Sound & Fury is the title of a book by US writer William Faulkner. It’s set around the prodigal life of an American family around 1929.
The family lived to rue the consequences of its lack of probity and fiscal discipline.
Earlier in Macbeth, 16th Century, Stratford-upon-Avon born renowned English playwright, William Shakespeare, had talked of “. . . a tale told by an idiot, full of sound and fury signifying nothing . . . !”
Sound and fury has become the pejorative shorthand for inconsequential and non-substantive vituperations – a manifestation of serious underlying deficiencies – a stereotypical reaction and steam valve for frustrations and failures. Success, on the other hand, has a self-expressing, quiet eloquence about it, like a quiet storm.
We made the point elsewhere, that thunder may impress, but it’s lightning that does the job!
Sound and fury was truly the essence of the costly and much-hyped-about Zanu PF conference held in the Eastern Highlands last December, with speaker after speaker blazing molten anti-MDC-T and anti-West diatribe. Zanu PF firebrands and pretentious “fireflies” went into overdrive, firing from all cylinders.
Phew . . . ! What a spectacle! I would give them an “A” for showmanship – if only it hadn‘t been so grisly and morbid.
It was a cascading crescendo of fire and brimstone, when President Robert Mugabe took to the podium to deliver the keynote address.
President Mugabe is incredibly bionic, for his age. He took the show to the limits, upping the tempo to a frenzied height.
He had no kind words for his opponents, perceived and real. The venue reverberated with “Down with MDC . . . MDC this . . . MDC that . . . Britain this . . . America that . . . !” Bellicose harangues and war cries rained down like confetti.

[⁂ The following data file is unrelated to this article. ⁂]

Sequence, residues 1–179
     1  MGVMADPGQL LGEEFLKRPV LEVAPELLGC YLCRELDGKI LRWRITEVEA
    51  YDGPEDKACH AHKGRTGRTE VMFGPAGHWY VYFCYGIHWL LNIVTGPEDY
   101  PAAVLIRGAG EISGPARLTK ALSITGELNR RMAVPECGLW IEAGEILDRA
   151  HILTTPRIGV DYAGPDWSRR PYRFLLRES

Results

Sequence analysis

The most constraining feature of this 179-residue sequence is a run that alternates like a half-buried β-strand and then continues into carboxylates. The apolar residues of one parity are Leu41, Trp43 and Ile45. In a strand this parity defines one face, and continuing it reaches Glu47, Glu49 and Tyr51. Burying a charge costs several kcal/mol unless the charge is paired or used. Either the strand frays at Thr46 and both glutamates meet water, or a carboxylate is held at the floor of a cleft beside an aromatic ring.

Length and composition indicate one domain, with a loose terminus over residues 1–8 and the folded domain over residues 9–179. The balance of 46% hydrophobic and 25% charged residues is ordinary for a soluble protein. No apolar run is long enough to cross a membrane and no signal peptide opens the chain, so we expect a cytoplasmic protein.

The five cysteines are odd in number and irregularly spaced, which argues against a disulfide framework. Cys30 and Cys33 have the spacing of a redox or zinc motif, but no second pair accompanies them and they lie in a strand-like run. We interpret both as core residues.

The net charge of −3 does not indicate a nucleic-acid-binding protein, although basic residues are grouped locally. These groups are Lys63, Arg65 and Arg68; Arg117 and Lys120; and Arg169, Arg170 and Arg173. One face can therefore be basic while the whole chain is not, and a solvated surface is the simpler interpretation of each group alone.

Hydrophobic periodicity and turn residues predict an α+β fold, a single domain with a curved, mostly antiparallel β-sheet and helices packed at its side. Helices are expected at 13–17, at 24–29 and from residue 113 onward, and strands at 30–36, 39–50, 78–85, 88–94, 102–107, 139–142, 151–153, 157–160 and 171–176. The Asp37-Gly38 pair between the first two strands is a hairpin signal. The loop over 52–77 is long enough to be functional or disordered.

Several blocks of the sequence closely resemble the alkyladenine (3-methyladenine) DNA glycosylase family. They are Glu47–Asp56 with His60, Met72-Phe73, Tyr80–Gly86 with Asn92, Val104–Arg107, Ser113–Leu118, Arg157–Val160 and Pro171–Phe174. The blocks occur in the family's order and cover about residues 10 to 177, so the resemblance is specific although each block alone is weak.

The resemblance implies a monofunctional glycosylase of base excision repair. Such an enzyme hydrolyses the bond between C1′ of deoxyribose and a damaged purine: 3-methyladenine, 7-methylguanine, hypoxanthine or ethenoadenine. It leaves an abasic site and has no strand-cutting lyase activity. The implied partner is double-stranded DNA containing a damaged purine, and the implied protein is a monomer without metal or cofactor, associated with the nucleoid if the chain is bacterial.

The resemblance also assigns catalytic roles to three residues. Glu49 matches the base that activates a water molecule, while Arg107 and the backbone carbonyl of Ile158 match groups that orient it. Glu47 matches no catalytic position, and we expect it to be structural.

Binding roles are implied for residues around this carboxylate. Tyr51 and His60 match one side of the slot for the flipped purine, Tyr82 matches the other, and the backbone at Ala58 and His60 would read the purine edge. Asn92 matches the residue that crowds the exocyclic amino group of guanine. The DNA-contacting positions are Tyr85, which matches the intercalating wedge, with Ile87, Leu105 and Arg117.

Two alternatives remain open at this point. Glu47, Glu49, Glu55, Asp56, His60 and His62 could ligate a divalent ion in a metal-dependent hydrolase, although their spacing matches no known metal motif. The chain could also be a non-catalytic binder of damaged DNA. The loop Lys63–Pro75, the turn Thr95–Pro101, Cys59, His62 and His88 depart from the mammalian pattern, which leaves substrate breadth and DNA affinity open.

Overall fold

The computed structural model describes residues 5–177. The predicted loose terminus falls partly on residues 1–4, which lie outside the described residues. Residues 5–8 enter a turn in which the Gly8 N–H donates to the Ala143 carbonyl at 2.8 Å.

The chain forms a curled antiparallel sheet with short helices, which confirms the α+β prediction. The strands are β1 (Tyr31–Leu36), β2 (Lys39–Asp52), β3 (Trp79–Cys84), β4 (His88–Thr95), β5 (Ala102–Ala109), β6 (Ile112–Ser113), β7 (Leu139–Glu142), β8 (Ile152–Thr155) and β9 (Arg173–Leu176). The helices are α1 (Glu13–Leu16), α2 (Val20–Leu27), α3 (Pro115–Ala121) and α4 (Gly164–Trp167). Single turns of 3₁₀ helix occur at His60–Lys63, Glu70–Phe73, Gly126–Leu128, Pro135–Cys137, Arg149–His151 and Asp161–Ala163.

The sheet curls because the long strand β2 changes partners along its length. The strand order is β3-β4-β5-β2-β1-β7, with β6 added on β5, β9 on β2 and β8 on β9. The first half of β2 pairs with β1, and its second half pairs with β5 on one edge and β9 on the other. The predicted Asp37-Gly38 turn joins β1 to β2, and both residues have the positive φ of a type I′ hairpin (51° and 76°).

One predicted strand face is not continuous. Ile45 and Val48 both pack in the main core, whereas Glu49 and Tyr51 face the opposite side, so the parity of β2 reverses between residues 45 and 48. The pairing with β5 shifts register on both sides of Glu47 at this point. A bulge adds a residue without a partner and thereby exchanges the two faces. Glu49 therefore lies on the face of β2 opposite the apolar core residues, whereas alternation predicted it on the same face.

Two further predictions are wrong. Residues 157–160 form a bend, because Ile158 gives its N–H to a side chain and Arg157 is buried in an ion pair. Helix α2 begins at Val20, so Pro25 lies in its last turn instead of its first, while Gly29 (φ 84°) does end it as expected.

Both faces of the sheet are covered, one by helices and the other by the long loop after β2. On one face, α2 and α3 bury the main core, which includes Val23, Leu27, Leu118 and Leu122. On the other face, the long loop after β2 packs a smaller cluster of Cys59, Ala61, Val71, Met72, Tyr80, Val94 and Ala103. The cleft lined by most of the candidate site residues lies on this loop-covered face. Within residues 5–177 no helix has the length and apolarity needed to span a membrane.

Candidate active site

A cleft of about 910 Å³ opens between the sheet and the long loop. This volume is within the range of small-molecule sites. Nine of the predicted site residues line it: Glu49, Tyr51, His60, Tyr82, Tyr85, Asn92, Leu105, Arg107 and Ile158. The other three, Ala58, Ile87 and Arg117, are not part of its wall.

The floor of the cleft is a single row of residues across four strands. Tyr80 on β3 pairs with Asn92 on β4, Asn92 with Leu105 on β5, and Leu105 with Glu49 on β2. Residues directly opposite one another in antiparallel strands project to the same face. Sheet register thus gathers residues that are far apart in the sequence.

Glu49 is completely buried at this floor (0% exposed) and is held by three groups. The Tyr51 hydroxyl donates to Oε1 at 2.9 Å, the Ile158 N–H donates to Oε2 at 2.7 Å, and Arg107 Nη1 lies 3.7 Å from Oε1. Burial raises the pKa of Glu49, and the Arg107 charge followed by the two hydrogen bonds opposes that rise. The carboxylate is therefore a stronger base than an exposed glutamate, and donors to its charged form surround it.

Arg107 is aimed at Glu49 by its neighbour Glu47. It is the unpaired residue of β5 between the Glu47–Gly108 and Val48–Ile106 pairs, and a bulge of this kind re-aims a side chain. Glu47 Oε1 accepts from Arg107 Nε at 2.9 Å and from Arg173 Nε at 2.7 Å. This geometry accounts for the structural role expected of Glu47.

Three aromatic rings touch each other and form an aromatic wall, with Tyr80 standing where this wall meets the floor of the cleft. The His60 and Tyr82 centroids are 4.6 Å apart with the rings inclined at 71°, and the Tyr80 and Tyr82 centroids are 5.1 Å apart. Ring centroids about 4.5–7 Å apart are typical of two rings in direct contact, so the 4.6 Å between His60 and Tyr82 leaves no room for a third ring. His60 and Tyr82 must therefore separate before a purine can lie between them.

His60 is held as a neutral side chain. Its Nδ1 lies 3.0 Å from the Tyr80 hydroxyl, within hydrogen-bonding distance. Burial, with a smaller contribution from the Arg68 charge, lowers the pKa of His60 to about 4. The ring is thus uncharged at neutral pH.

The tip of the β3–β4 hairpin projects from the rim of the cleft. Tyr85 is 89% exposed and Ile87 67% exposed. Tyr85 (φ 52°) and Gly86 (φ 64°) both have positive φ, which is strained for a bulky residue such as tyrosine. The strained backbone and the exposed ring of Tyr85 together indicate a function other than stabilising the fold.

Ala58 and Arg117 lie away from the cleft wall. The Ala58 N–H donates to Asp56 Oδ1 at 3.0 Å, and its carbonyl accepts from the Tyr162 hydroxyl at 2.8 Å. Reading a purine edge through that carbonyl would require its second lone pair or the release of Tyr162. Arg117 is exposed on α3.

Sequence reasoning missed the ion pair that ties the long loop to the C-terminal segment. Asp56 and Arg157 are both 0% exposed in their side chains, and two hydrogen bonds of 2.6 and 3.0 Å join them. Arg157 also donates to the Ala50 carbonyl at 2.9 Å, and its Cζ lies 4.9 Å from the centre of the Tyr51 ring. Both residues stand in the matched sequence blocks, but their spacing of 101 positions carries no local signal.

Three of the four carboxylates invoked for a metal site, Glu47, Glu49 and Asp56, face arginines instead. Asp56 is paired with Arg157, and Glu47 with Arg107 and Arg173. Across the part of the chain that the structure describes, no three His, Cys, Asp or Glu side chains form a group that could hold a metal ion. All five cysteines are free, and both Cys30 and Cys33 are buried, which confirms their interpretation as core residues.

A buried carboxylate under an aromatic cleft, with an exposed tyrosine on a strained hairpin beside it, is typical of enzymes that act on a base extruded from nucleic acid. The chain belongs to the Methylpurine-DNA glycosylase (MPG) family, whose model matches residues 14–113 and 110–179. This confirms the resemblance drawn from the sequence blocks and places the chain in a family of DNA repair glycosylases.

The President was visibly angry and he ran the gauntlet firing vicious broadsides at the West, warning the British and Americans to either remove sanctions or face the take-over of “their” companies which are operating in Zimbabwe. Rio Tinto and Anglo American Corporation were singled out of the alleged 400 or so companies. We are not sure whether these two companies or the rest of the 400 really belong to the British or American governments.
The jury is also still out on whether the President’s bite will be worse than his bark. It’s highly unlikely though, given the nosedive the economy took after the farms debacle.
History has proved that such intemperate talk sends shivers down the economic spine of any country, with devastating consequences.
anu PF may be hard-nosed and unsentimental at times, often swimming against the current and spitting against the wind, but I think they have more common sense than to think that they can grab those companies, Idi Amin-style, and get away with it!